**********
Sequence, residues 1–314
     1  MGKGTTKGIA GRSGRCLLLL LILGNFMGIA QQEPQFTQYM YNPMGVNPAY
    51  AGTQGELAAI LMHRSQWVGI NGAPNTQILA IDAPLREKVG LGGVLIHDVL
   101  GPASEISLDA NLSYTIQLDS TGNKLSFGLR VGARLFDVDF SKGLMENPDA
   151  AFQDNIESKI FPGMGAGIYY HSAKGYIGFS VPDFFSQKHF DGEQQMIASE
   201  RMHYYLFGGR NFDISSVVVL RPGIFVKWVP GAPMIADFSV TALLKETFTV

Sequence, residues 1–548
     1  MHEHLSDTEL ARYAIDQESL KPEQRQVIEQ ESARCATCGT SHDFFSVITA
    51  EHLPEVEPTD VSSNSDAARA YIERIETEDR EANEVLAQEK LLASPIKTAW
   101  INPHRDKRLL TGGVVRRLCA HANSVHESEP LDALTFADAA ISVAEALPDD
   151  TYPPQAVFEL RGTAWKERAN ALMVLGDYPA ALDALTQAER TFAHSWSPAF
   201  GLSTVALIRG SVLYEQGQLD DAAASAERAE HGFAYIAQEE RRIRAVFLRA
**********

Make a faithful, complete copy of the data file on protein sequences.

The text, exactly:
Sequence, residues 1–314
     1  MGKGTTKGIA GRSGRCLLLL LILGNFMGIA QQEPQFTQYM YNPMGVNPAY
    51  AGTQGELAAI LMHRSQWVGI NGAPNTQILA IDAPLREKVG LGGVLIHDVL
   101  GPASEISLDA NLSYTIQLDS TGNKLSFGLR VGARLFDVDF SKGLMENPDA
   151  AFQDNIESKI FPGMGAGIYY HSAKGYIGFS VPDFFSQKHF DGEQQMIASE
   201  RMHYYLFGGR NFDISSVVVL RPGIFVKWVP GAPMIADFSV TALLKETFTV

Sequence, residues 1–548
     1  MHEHLSDTEL ARYAIDQESL KPEQRQVIEQ ESARCATCGT SHDFFSVITA
    51  EHLPEVEPTD VSSNSDAARA YIERIETEDR EANEVLAQEK LLASPIKTAW
   101  INPHRDKRLL TGGVVRRLCA HANSVHESEP LDALTFADAA ISVAEALPDD
   151  TYPPQAVFEL RGTAWKERAN ALMVLGDYPA ALDALTQAER TFAHSWSPAF
   201  GLSTVALIRG SVLYEQGQLD DAAASAERAE HGFAYIAQEE RRIRAVFLRA